Although it should be reiterated that a chick’s prognosis is poor even with professional help, it can be worth it to try and save your chick at home. The most commonly referred course of home treatment is as follows:
- You will need super glue, rubbing alcohol, Q-tip, and antibacterial soap
- Begin by washing your hands with antibacterial soap and warm water for at least one minute
- Using the rubbing alcohol, sterilize the surface you will be working on as well as possible
- Carefully holding the chick in one hand, gently turn it over and swab around the navel with rubbing alcohol
- Use the Q-tip to push intestines back inside the abdomen gently
- Use a small drop of super glue to seal the cavity shut
- Place chick in brooder separated from other chicks while healing
At this point, there is not much else you can do for your chick. Be sure to place them in a brooder with the appropriate temperature, food, and water. Be sure to keep their conditions as sanitary as possible to reduce further risk of infection.
Although it can be difficult to accept, there are times when culling your chick is the most humane course of action. If the chick is listless, not eating/drinking, or appears to have labored breathing, the best option is to put it out of its misery.
This can be done using a very sharp pair of scissors and snipping off the chick’s head. It can be a disturbing process, but just remember you are putting an end to your chick’s suffering.
What Causes a Chick to Hatch With Its Intestines Out?
There are a number of reasons your chick may have hatched with its intestines out. As previously stated, intestinal exposure is a complicated issue often compounded with other diagnoses. Even though it can be hard to pinpoint one single cause of gastroschisis, there appears to be a strong correlation between the condition and improper incubation conditions.
Improper Egg Rotation
A mother hen knows instinctively when to rotate her eggs. When the hen leaves her eggs or is replaced by artificial incubation, this rotation needs to be done manually or automated with a built-in turning function. If eggs are not turned properly, it can cause organs to stick to the side of the shell resulting in deformities like gastroschisis.
Incorrect Temperature or Humidity
Almost all deformities and mortalities that occur during hatching can be attributed to temperature and humidity problems. These include unabsorbed yolk, navel infections, gastroschisis, and overall failure of the chick to thrive.
Although an overwhelming presence of bacteria can result from poor sanitation, it is also a common subset of improper temperature and humidity.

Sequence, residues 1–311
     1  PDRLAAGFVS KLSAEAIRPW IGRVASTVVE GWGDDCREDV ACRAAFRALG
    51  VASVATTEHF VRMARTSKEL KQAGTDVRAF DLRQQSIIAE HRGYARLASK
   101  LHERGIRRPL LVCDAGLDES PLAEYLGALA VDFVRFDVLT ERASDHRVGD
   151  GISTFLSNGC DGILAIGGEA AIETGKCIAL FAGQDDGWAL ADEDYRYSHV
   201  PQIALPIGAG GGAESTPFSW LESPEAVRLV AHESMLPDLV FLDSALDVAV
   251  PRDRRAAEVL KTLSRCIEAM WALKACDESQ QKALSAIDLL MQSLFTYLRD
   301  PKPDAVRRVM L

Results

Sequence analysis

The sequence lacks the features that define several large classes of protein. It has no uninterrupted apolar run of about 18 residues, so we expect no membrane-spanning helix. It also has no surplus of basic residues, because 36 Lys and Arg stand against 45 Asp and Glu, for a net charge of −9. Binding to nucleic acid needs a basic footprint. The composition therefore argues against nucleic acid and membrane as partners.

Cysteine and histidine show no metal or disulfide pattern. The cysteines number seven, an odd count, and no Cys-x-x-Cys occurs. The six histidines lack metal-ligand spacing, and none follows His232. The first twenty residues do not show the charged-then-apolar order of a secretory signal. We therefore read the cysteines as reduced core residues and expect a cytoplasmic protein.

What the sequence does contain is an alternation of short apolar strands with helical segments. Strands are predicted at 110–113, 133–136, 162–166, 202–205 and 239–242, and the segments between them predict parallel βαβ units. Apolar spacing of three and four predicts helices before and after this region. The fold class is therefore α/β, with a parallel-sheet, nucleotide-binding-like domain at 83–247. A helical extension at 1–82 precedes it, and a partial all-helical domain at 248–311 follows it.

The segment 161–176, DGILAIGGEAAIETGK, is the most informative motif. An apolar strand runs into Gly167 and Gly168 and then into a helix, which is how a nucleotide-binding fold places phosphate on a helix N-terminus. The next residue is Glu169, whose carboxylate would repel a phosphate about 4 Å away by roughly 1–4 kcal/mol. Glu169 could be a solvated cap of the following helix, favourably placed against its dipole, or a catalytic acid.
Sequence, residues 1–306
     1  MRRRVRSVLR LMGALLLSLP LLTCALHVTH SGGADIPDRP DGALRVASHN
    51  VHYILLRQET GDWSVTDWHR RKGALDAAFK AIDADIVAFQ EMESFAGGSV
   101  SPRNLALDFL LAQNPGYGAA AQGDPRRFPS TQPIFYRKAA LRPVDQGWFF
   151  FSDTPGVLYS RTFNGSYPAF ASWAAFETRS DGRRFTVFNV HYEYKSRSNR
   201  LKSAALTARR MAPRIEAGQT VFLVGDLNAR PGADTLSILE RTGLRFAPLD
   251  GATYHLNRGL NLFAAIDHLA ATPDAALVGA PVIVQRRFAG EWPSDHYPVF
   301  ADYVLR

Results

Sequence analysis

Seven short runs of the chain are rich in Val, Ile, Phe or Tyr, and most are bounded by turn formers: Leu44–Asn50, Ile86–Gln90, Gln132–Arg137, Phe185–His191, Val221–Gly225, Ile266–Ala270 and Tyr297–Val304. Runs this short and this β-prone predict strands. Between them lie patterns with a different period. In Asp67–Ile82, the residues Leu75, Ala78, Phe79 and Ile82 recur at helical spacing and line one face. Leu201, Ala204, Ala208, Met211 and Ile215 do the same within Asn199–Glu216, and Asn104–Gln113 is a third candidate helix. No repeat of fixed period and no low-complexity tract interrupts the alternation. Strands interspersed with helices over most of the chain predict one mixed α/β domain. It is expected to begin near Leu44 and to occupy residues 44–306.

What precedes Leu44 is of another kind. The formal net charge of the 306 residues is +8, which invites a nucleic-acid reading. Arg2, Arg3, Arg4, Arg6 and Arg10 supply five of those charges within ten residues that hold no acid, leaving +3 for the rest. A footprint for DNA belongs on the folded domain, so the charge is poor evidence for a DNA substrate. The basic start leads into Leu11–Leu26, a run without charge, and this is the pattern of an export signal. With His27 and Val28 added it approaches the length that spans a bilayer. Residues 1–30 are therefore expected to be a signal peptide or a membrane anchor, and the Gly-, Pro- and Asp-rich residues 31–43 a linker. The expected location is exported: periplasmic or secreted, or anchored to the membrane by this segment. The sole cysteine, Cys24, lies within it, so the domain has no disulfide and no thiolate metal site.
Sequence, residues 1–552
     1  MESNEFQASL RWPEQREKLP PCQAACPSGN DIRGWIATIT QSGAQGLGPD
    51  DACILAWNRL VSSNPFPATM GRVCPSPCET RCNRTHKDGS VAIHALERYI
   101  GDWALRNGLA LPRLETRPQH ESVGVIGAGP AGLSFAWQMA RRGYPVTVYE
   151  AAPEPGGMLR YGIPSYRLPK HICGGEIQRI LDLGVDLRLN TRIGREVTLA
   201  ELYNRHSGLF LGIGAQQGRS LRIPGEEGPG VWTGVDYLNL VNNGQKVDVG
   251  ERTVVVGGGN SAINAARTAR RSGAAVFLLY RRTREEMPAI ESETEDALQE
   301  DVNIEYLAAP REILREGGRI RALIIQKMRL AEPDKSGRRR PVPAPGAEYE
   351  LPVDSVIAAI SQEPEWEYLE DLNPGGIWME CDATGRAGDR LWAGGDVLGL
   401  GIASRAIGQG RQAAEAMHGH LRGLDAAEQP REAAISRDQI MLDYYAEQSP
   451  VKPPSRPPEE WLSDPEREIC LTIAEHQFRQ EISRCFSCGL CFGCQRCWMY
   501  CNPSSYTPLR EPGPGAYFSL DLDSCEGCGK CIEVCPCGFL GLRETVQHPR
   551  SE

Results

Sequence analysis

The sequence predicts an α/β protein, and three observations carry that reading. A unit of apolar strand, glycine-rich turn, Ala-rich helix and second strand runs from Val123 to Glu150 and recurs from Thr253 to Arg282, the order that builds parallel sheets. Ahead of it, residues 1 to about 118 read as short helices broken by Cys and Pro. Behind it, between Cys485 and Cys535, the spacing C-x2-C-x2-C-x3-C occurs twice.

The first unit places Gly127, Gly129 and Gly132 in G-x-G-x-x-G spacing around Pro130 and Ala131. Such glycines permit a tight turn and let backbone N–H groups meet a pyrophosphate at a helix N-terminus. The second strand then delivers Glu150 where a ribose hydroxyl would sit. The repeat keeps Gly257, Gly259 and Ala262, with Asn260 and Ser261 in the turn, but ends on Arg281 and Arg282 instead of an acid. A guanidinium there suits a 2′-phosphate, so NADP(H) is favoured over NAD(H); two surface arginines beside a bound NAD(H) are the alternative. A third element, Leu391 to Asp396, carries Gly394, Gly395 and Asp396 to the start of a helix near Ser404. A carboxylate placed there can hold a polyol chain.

When the temperature and humidity are too high, too low, or too variable, it creates optimal conditions for bacteria to thrive. A heavy bacteria population can easily disrupt and overwhelm the delicate intestinal biota of new chicks.
How Can I Prevent This From Happening Again?
If you’ve recently been through the gamut of diagnosing, treating, and possibly culling a young chick with its intestines out, you’re likely asking yourself how you can avoid this in your future broods.
Invest In A High-Quality Incubator
The next best thing to allowing a mother hen to naturally hatch her eggs is to invest in a high-quality incubator.
While mother nature has fine-tuned the process of rotating and incubating eggs, there are a number of reputable incubators on the market that can perform this function almost as successfully as a hen.
Do Not Interfere With Hatching Process
Ideally, if you have invested in a high-quality incubator and carefully monitored temperature and humidity levels, you and your chicks will have a pleasant hatching experience.
Unfortunately, the laws of nature have a mind of their own, and many times you may still find a chick struggling to hatch.
It may be tempting to rush to your struggling chick’s aid, but it is important not to rush this decision. The hatching process is a fragile one that can easily be disturbed.
Frequently, many of the conditions outlined in this article are caused by mishaps during an assisted hatch. It is never recommended to help your chick hatch unless it appears to have no chance of survival without intervention.
A chick hatched with its intestines out is a dire situation with a slim chance of survival. There are methods that may be used both at home and by a veterinarian that can increase your chick’s likelihood of viability, but their margins of success are narrow. You may need to consider culling or allowing the chick to expire on its own.
The best way to ensure healthy chicks is to preempt hatching issues by ensuring optimal incubator conditions.
If temperature, humidity, rotation, and sanitation are all kept at optimal levels, you have a high likelihood of success in your future broods.